I have a friend Carl who lives with his wife and daughter in the Bay of Island; specifically they live in Russell. Carl is one of those really good guys, he has a great all round ability to fix and build anything. Anyway the reason I write this post is; I had the chance to go out with Carl fishing, he runs 4 Reel Bay of Islands Fishing Charters! Carl has a lot of history when it comes to fishing – firstly he is without a doubt the uncredited Kayak or Canoe fishing inventor! Well before kayaks came out with rod holders and the sport was even thought of; Carl was going out off the shores of Waiake on the North Shore in Auckland in his canvas covered kayak and bringing back his quota of large snapper. I can remember going down to meet him coming back from his 200 metres off shore jaunt – only to see the kayak looking like a scene from Shallow Hal with the front of the canoe buried in the water and carl almost floating above the water with every stroke. So back to the fishing trip out from Russell; Carl had said the night before – “Here is the challenge, we have to catch our own bait and have a legal Kingfish on board before 8am!” We headed out at 7:15am so that put us 15 minutes late. By 7:25 we were lowering the bait rod and pulling up 6 livies at a time (You need live bait for Kingfish). So after another 10 minutes motoring to one of Carl’s number 2 spots (Carl like to keep his number 1 spots as a back up haha) we baited up and lowered our kingfish rigs into the water. I have to be honest here; I thought there was no way we were going to have a Kingy on board to meet Carl’s challenge. Then the reel screamed into action and I started winding up the fighting fish, it was a nice size snapper. I thought well at least we caught a fish before 8am. It was now 7:50 and the minute hand on my watch seemed to have speed up! Then wham, the rod bent at least twice what it did for the snapper and it was all on. Carl yelled instructions as I slowly played the fish to the boat. Well this is Gods honest truth we had a legal Kingfish on the boat at 7:58am. The funny thing as Carl barely managed a smile, nor did he look smug. It was just another NORMAL day for him. Carl is one of only a few people I know that is living the dream; he really does do for a living what he would be doing anyway in his spare time after a normal days work.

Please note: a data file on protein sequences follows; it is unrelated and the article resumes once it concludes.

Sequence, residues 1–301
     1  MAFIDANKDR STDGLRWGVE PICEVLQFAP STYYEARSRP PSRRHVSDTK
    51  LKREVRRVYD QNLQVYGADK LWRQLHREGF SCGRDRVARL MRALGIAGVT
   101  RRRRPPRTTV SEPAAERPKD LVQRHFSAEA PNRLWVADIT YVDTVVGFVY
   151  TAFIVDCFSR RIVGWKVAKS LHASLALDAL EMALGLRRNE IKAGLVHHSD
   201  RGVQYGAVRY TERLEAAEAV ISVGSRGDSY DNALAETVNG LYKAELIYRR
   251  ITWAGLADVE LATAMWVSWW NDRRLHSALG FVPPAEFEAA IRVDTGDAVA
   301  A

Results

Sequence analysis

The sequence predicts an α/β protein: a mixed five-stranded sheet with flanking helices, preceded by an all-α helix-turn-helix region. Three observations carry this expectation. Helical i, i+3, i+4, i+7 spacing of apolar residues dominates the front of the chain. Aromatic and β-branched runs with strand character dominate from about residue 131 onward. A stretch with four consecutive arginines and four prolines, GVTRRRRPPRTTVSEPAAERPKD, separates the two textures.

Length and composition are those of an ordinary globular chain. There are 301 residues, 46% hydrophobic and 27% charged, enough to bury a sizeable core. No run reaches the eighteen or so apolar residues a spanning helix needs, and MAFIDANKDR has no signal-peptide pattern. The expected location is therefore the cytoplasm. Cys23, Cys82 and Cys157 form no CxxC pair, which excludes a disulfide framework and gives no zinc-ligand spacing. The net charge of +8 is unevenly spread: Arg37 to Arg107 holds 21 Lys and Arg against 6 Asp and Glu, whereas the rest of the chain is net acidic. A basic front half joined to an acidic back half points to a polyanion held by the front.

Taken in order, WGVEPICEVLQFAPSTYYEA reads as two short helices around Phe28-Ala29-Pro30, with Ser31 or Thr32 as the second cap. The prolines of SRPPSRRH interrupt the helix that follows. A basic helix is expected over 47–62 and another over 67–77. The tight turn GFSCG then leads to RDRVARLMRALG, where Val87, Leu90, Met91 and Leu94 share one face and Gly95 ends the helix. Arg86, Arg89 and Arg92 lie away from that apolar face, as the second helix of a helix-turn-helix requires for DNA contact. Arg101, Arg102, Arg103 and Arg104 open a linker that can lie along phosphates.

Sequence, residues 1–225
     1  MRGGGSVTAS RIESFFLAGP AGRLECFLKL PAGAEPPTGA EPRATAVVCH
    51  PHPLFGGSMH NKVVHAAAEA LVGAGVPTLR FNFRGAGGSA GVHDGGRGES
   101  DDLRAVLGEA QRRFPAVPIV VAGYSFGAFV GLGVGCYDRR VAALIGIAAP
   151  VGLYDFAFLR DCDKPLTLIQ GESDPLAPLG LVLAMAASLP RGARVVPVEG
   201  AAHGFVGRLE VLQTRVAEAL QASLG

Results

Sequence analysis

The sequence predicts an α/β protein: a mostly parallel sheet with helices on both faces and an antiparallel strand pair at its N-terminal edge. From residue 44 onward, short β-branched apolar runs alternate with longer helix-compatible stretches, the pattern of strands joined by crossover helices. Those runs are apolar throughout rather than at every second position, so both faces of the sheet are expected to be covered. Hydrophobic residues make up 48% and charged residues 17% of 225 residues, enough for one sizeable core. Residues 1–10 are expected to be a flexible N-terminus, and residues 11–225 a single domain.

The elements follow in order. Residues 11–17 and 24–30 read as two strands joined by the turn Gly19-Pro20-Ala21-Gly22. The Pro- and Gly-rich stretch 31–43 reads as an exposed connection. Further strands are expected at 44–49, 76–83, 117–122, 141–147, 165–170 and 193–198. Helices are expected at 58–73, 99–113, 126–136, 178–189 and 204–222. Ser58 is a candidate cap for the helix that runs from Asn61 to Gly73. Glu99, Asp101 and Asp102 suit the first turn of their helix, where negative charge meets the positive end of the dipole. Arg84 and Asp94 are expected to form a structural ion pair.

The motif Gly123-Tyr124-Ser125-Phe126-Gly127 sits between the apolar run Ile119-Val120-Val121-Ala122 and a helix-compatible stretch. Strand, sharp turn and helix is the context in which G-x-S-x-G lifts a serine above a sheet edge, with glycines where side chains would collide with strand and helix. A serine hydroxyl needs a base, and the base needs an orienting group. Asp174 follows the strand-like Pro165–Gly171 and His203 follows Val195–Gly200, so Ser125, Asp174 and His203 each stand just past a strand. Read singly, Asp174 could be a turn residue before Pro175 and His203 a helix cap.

I will leave the comments on for this post and would love to hear your fishing stories, especially if you have been out with 4 Reel or have had a similar challenge set before you departed. Happy fishing!!! I WILL delete spam.
Excellent Ideas On How To Start Fishing As A Hobby
Many people are too intimidated by fishing to even try it. Fishing is a versatile sport that can really be enjoyed just about anywhere. If you think fishing might be a hobby you want to get into, read on to pick up some general fishing tips and tricks.
Stream fisherman would be wise to start their fishing trips downstream, and make their way upstream as the day progresses. This is simply because fish tend to face against the direction of the current. By moving upstream you are lowering your chances of being seen or heard by your prey.
When fishing alone, be careful not to go into water that is too deep. This is especially true when fishing near large rivers as a sudden undercurrent could pull you under and drown you in even fairly shallow water. It is typically better to fish with at least one other friend.
While many fishermen rise early in the morning, on a bright and sunny day, you can often get the best results mid-afternoon. If the sky is grey and overcast, but it isn’t very windy, you’ll be able to do plenty of fishing all day long. So if you’d like to sleep in before a fishing trip, go right ahead!
If you are fishing in deep seas, stay attuned to signs of nearby fish. Debris or floating wood attract smaller fish which will then attract bigger fish. Many times fish will be in the area of debris. Seagulls feasting on smaller fish is also a sign that larger fish are looming nearby.